Concerns about private-party gun sales and the importance of gun shows as a source of guns used in crimes have led to repeated calls for closing the “gun show loophole” — by which advocates usually mean requiring that private-party sales at gun shows be routed through a licensed retailer who will do a background check and keep a record of the purchase. President Barack Obama endorsed such a measure during his 2008 presidential campaign, as did President George W. Bush in 2000 and 2004. Legislation to close the loophole has been introduced in both the Senate and the House of Representatives, but no hearings have been scheduled.

In fact, there is no gun-show loophole as such. Federal law is silent on the issue of gun shows and permits private-party gun sales to occur anywhere. As a result, such a limited measure might well have no detectable effect on the rates of firearm-related violent crime. Gun shows account for a small percentage of all gun sales in the United States — between 4 and 9%, according to the best estimates available.1 Similarly, they account for just 3 to 8% of all private-party gun sales. Legislation to close the gun-show loophole would not affect the great majority of private-party sales, and motivated illicit buyers could simply find private sellers elsewhere. (In addition, closing the alleged loophole would not necessarily reduce, by more than a small amount, the importance of gun shows as a source of guns used in crimes. Most sales at gun shows — more than 80%, according to unpublished data3 — are made by licensed retailers, not private parties, and data from gun-trafficking investigations indicate that two thirds of the guns used in crimes that have been linked to gun shows were sold by licensed retailers.2)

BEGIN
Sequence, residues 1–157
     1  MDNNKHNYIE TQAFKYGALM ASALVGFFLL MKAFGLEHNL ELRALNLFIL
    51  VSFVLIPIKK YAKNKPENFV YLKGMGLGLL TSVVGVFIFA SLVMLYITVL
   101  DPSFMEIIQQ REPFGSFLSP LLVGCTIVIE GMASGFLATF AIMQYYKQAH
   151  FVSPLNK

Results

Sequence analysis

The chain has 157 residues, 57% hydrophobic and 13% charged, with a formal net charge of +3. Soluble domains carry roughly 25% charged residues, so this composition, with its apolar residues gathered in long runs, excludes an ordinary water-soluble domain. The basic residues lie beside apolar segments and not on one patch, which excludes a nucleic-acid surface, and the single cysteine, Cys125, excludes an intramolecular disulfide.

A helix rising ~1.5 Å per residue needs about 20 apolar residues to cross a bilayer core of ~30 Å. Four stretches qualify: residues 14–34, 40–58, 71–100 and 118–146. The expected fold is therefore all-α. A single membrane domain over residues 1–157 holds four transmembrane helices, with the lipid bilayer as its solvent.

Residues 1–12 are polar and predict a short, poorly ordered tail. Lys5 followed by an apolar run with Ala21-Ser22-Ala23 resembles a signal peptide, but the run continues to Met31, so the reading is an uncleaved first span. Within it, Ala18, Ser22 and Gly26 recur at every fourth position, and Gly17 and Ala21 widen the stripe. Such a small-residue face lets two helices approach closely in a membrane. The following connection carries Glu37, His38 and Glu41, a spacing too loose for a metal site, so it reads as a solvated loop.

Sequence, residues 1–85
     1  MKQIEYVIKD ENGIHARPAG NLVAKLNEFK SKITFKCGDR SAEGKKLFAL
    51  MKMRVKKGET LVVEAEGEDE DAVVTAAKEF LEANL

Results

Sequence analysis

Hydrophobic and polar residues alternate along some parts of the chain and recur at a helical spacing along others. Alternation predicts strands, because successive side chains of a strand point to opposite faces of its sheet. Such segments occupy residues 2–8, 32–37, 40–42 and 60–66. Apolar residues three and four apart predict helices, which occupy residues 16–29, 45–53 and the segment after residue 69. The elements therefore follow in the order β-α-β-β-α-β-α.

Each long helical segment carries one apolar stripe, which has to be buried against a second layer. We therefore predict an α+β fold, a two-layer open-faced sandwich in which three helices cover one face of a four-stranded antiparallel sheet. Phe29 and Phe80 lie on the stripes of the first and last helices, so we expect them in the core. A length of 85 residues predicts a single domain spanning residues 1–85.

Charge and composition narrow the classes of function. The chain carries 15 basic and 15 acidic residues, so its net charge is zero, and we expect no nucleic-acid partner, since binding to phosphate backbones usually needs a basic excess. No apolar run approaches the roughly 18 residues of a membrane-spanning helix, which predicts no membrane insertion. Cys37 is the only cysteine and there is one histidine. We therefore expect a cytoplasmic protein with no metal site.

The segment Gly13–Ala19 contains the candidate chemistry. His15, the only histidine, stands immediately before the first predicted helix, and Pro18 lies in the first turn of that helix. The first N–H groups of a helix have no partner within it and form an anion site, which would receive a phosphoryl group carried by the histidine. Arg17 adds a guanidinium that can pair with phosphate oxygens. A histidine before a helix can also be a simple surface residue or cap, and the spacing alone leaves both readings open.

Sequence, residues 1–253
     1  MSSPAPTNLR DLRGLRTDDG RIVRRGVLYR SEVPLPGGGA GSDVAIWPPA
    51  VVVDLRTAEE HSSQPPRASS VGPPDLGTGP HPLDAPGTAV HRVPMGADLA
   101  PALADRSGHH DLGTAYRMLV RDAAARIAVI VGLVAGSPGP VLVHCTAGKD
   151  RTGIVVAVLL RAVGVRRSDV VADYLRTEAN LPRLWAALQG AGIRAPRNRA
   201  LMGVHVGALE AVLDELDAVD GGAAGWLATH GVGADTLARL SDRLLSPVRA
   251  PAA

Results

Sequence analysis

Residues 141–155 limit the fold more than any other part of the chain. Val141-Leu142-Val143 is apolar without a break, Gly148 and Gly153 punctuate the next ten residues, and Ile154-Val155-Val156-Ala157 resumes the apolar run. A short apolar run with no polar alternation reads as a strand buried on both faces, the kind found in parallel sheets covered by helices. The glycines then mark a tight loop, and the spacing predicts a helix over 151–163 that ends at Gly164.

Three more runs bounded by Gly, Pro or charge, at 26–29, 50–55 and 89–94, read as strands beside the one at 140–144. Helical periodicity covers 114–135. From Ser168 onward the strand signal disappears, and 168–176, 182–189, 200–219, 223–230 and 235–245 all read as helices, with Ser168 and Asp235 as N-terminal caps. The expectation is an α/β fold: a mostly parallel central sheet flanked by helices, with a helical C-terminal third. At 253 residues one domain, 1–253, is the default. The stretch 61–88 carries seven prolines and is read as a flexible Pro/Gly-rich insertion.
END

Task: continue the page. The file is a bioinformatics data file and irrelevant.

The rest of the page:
A more effective approach would be to subject all private-party gun sales to the screening and record-keeping requirements that apply to sales by licensed retailers. Six states do so already, and nine others regulate all sales of handguns (see map).
State Procedures for Regulating Private-Party Gun Sales, According to Gun Type and Venue. States shown in blue require screening of buyers and record keeping according to type of sale. Data are from the Survey of State Procedures Related to Firearm Sales, 2005, published by the Bureau of Justice Statistics.